"Here in purgatory, bare ground is visible,
except in shady places where snow prevails.
Still, each day sees the restoration of another animal: a sparrow, just now a sleepy wasp; and, at twilight, the skunk pokes out of the den, anxious for mates and meals…”
Earth’s open wounds – where the plow gouged the ground last November -must be smoothed; some sown with seed, and all forgotten.
Beside the porch step the crocus prepares an exaltation
of purple, but for the moment holds its tongue…
--excerpted from “Mud Season”, by Jane Kenyon
In northern New England this time of year is called the fifth season, mud season, when after a long and earth chilling winter, the ground finally begins to thaw out. It’s the season in between seasons, a “not quite yet” time. And this year with all the cold and snow we in the south have experienced, it is mud season here too. A time of natural transition. Winter fades, and oh so slowly releases its grip, but is not ready to fully relinquish its hold upon us or Creation. Days warm up with tantalizing temps and gaudy sunshine but nights still dip below freezing, the backyard bird bath a mini skating rink. Birds have returned and sing out but you get the feeling they do so with tiny scarves wrapped around their necks. We even use daylight savings time to trick us into thinking the earth is about to turn and yet the calendar forces us to wait.
To face into the mud. To trek right through it. No detours. No shortcuts.
And so for the next few weeks we’ll just have to wade through the mucky landscape which is March in Massachusetts. Scrape the mud off our shoes before we walk into the house. Listen to the squish of mud beneath our feet as we march to the mailbox. Shudder as the mud suck our boots downward on that walk in the woods with the dog.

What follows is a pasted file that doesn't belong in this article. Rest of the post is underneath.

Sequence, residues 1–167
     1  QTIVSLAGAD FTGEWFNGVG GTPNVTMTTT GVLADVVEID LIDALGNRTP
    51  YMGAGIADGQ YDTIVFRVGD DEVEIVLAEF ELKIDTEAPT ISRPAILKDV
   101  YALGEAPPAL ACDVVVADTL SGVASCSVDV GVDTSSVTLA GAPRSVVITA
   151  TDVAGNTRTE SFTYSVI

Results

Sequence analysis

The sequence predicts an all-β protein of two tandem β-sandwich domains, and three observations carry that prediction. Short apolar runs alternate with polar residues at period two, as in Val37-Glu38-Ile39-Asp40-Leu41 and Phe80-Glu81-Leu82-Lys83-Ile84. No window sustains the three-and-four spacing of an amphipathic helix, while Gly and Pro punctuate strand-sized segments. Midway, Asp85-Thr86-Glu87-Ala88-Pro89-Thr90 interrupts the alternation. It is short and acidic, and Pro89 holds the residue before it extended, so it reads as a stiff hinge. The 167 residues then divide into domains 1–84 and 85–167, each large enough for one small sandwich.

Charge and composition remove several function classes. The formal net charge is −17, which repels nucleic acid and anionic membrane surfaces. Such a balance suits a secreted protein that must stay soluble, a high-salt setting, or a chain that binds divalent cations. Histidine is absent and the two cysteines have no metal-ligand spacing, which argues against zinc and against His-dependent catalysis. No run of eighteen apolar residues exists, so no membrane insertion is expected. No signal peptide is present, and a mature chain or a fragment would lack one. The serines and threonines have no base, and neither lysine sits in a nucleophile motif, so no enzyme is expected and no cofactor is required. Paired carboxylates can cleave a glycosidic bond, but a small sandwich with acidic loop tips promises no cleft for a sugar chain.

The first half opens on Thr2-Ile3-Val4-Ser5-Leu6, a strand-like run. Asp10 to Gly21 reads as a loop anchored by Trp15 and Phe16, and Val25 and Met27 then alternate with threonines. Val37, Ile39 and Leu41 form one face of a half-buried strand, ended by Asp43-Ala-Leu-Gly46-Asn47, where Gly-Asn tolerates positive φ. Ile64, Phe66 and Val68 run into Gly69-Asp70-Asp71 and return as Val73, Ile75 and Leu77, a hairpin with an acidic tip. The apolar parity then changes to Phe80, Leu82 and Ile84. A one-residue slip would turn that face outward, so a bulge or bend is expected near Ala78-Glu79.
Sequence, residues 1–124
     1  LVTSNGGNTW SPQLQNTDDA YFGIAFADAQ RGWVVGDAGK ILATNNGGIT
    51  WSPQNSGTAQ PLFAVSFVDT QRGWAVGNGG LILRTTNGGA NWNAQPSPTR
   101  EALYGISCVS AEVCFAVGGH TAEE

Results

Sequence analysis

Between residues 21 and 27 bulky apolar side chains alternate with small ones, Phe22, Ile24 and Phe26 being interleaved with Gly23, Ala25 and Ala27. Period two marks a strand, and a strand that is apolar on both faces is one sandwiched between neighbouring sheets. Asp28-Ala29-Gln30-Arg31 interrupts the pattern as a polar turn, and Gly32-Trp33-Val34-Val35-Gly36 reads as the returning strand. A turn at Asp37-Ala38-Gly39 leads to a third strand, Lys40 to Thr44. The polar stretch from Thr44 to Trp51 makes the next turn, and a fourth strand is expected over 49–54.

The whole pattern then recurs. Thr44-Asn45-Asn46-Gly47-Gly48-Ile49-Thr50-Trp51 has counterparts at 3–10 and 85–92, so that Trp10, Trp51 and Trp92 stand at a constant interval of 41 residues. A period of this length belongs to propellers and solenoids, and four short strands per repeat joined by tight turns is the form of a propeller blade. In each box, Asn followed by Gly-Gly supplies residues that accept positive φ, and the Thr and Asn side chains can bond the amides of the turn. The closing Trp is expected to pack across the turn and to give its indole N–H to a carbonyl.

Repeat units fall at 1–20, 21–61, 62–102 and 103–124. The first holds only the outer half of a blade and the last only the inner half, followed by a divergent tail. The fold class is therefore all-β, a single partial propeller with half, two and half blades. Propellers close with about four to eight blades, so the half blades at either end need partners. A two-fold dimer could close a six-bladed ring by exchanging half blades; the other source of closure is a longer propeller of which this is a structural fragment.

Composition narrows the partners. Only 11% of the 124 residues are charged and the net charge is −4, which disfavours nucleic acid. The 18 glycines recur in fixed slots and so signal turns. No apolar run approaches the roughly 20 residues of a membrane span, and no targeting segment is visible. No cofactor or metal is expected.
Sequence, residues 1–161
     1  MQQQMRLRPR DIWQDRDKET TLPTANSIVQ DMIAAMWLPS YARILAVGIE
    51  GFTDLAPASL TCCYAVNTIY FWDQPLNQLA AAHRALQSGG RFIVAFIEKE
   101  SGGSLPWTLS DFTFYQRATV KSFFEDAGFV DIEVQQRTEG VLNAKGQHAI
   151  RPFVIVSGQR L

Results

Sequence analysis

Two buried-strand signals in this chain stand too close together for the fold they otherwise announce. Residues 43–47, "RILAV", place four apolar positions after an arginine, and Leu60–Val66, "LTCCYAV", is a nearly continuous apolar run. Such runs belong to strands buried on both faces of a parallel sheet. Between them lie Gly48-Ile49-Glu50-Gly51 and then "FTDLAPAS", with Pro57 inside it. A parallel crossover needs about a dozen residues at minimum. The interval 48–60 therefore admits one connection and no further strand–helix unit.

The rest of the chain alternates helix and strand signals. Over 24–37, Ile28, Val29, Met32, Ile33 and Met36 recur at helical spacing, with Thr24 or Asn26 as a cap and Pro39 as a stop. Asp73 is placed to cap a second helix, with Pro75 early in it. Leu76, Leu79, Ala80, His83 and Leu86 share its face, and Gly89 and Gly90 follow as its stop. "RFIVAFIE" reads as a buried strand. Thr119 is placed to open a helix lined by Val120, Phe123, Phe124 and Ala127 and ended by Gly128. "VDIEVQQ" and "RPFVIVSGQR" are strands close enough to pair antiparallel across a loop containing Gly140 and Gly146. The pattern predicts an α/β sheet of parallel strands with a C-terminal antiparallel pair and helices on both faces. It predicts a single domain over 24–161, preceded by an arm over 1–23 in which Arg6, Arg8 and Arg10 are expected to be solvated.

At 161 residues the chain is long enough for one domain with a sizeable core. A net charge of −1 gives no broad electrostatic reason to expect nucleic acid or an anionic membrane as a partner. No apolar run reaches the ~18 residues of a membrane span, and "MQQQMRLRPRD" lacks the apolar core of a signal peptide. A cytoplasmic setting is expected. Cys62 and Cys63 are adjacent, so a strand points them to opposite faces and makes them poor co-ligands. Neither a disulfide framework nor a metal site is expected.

Mud is a curious thing. It is messy, mucky, and chilly, especially in March. “Dirty” by definition. First blush might tempt us to conclude mud’s not good for much of anything but creating a big mess. Yet within it are all the nutrients needed for life, for the greening again of the world. That seed planted last fall in fact depends upon the embrace of mud to wake up and begin to bloom.
No mud, no spring. No crocuses pushing up, no blue jays blasting away, no green buds exploding on the branches. Mud is life. Mud reminds us that even from the coldest depths, life always seems to find a way to push up, to push out, to push through. Mud is the stuff from which God made humans. “God formed Man out of dirt from the ground and blew into his nostrils the breath of life. The Man came alive—a living soul!” (from “The Message”, by Eugene Peterson)
So even though a part of me wants to protest and skip over this sloppy time of the year, jump over our fifth season, I know, the earth knows, and God knows we just have to wait in the mud this March. Wait and trust that April is approaching, and will be delivered to us, faithfully, by a Creator who can take the mud and make a new thing, once, always.
Bring on the mud. Let the thaw begin. Let the slush give way to water. Give me earthworm filled dirt and spongy clay and bouncy topsoil waiting to be turned over. Sure, it may be messy. But it is our New England mud.
Winter is almost gone. Spring is so darn close. That’s the good news of mud.
The bad news? Don’t forget to wipe your feet before coming in the house.